NEW YORK — Don’t look now, but long-struggling Cubs right fielder Jason Heyward is heating up like he rarely has during his two-plus seasons as a Cub.
“You just get comfortable being uncomfortable,” said Heyward, who had a third consecutive multi-hit game during the Cubs’ 5-1 victory over the Mets on Thursday night. “Right now I feel like I’m doing a better job of keeping it simple, just being aware and being in tune with myself at the plate, just [using] my hands and [going] from there.”
Leadoff man Ben Zobrist had a three-hit game that included a go-ahead two-run homer.
But if Heyward has solved something at the plate, that could be a major storyline this season. He was moved up to the No. 2 spot in the order Thursday and is now 8-for-12 going back to Tuesday.
“I don’t know that I’ve seen him swing the bat this well here,” manager Joe Maddon said. “I like the adjustments that he’s making, and I see his hands being much more active, and the ball’s coming off hotter.
“We’re going to find out. I really think his confidence is on the rise right now, and I like exactly what he’s doing.”
Going Joe to Joe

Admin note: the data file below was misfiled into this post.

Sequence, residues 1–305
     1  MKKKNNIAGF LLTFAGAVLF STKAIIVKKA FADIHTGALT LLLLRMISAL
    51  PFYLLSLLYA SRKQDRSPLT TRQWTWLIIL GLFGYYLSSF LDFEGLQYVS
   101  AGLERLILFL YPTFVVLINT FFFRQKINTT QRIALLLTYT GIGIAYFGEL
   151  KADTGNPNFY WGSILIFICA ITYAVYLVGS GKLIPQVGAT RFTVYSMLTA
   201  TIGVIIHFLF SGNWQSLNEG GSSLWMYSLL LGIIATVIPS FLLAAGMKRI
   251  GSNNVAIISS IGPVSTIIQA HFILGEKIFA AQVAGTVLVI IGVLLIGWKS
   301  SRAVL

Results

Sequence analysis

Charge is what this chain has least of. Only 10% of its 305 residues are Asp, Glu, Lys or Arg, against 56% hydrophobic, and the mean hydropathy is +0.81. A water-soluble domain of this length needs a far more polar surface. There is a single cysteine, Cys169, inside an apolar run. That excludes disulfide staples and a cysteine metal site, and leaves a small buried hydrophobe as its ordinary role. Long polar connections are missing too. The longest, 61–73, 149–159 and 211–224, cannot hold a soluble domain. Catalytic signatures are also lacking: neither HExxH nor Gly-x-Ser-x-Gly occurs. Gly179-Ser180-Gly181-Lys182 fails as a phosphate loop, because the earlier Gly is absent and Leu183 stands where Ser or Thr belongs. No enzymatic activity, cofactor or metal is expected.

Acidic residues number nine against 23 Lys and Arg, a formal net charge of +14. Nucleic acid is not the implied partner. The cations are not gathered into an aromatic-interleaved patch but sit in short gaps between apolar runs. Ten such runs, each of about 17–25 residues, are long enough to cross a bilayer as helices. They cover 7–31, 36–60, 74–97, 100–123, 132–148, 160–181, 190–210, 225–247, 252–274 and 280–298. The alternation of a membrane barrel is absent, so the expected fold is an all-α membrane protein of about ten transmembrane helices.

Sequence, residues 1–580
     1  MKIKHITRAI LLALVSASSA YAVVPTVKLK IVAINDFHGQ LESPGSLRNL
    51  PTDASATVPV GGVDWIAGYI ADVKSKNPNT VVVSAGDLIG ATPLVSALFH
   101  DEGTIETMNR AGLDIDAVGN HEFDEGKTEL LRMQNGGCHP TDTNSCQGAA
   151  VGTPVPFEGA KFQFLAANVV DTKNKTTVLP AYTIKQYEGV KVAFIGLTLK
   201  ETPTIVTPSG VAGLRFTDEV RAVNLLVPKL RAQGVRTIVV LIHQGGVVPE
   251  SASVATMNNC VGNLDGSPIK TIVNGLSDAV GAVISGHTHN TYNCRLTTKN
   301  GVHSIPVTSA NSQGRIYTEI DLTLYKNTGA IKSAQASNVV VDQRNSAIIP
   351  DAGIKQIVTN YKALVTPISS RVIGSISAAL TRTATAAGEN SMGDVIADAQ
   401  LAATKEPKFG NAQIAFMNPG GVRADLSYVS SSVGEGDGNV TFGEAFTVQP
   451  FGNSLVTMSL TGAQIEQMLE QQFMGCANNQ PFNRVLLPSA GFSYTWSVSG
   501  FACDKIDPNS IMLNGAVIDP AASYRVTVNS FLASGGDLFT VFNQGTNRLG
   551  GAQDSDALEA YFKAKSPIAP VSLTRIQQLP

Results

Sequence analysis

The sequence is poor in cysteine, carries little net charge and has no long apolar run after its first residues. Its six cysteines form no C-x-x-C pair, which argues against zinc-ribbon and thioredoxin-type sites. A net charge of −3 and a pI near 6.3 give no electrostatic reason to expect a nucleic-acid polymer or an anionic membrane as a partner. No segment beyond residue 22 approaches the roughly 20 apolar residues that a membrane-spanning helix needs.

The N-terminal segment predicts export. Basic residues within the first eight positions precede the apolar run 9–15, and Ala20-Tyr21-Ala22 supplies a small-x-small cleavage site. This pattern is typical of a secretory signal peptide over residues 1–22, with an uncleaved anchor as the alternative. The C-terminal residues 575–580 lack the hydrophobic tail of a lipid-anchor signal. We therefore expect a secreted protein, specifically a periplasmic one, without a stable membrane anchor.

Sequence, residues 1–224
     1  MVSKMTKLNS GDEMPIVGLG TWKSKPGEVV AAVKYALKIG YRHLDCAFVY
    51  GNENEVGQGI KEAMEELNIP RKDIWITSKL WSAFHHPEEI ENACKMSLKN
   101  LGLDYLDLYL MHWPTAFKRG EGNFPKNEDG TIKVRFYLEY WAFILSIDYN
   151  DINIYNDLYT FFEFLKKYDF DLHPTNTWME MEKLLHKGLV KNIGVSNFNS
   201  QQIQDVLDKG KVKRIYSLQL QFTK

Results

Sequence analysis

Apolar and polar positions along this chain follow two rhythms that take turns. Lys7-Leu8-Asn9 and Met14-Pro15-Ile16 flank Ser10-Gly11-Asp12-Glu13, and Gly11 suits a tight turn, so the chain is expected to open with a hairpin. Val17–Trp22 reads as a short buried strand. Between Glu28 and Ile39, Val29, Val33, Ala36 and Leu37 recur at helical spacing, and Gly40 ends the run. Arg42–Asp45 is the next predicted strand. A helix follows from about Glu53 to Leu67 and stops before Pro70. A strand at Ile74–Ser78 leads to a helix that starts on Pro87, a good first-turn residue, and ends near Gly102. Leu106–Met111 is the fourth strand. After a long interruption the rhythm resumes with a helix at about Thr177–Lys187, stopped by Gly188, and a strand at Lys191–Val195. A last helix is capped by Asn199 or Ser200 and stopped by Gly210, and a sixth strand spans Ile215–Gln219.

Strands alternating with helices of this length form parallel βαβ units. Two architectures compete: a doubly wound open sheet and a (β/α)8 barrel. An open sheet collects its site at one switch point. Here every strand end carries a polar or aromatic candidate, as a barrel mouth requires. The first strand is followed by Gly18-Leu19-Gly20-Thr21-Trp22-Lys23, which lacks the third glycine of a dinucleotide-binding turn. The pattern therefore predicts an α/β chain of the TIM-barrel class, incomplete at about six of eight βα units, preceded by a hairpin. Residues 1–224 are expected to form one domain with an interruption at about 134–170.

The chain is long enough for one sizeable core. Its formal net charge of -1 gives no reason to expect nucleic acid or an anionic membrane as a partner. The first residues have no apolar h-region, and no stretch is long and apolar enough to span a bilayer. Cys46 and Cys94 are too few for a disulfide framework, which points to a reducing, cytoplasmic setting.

Joe Torre, MLB’s chief baseball officer, visited the Cubs’ clubhouse on their first day in New York for a four-game series.
Torre, whose duties include discipline and rules interpretations, spent much of his time with Maddon discussing Anthony Rizzo’s slide into Pirates catcher Elias Diaz on Monday. That slide was ruled legal during the game, but MLB deemed it in violation of the rules the next day.
“We did talk about the play, but rear-view mirror kind of stuff, and it’s time to move on,” Maddon said.
Maddon, an outspoken critic of recent safety-driven rules changes involving slides, said Torre takes no issue with his public views on the rules.
“He loves it, actually,” Maddon said. “He encourages me to continue to say what I think, which I really appreciate.”
Q brings A game
For the second time in three starts and the fourth time overall this season, left-hander Jose Quintana (6-4) pitched at least six scoreless innings in a start, striking out the side in the first to open the game and retiring the last 11 batters he faced. In between, he gave up just three hits, walked two and worked out of a bases-loaded, one-out jam in the third.